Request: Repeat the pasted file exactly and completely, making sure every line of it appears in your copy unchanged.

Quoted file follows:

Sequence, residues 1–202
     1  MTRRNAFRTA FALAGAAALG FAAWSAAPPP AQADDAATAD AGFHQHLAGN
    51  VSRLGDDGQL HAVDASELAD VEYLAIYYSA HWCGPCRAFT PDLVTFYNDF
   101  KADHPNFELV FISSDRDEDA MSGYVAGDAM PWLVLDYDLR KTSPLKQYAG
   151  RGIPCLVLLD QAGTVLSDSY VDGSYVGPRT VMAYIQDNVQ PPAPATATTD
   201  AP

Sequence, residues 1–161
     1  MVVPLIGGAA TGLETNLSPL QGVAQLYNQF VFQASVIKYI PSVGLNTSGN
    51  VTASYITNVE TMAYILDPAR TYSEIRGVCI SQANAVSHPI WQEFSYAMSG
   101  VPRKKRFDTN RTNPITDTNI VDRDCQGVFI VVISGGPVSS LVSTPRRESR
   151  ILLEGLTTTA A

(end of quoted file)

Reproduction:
Sequence, residues 1–202
     1  MTRRNAFRTA FALAGAAALG FAAWSAAPPP AQADDAATAD AGFHQHLAGN
    51  VSRLGDDGQL HAVDASELAD VEYLAIYYSA HWCGPCRAFT PDLVTFYNDF
   101  KADHPNFELV FISSDRDEDA MSGYVAGDAM PWLVLDYDLR KTSPLKQYAG
   151  RGIPCLVLLD QAGTVLSDSY VDGSYVGPRT VMAYIQDNVQ PPAPATATTD
   201  AP

Sequence, residues 1–161
     1  MVVPLIGGAA TGLETNLSPL QGVAQLYNQF VFQASVIKYI PSVGLNTSGN
    51  VTASYITNVE TMAYILDPAR TYSEIRGVCI SQANAVSHPI WQEFSYAMSG
   101  VPRKKRFDTN RTNPITDTNI VDRDCQGVFI VVISGGPVSS LVSTPRRESR
   151  ILLEGLTTTA A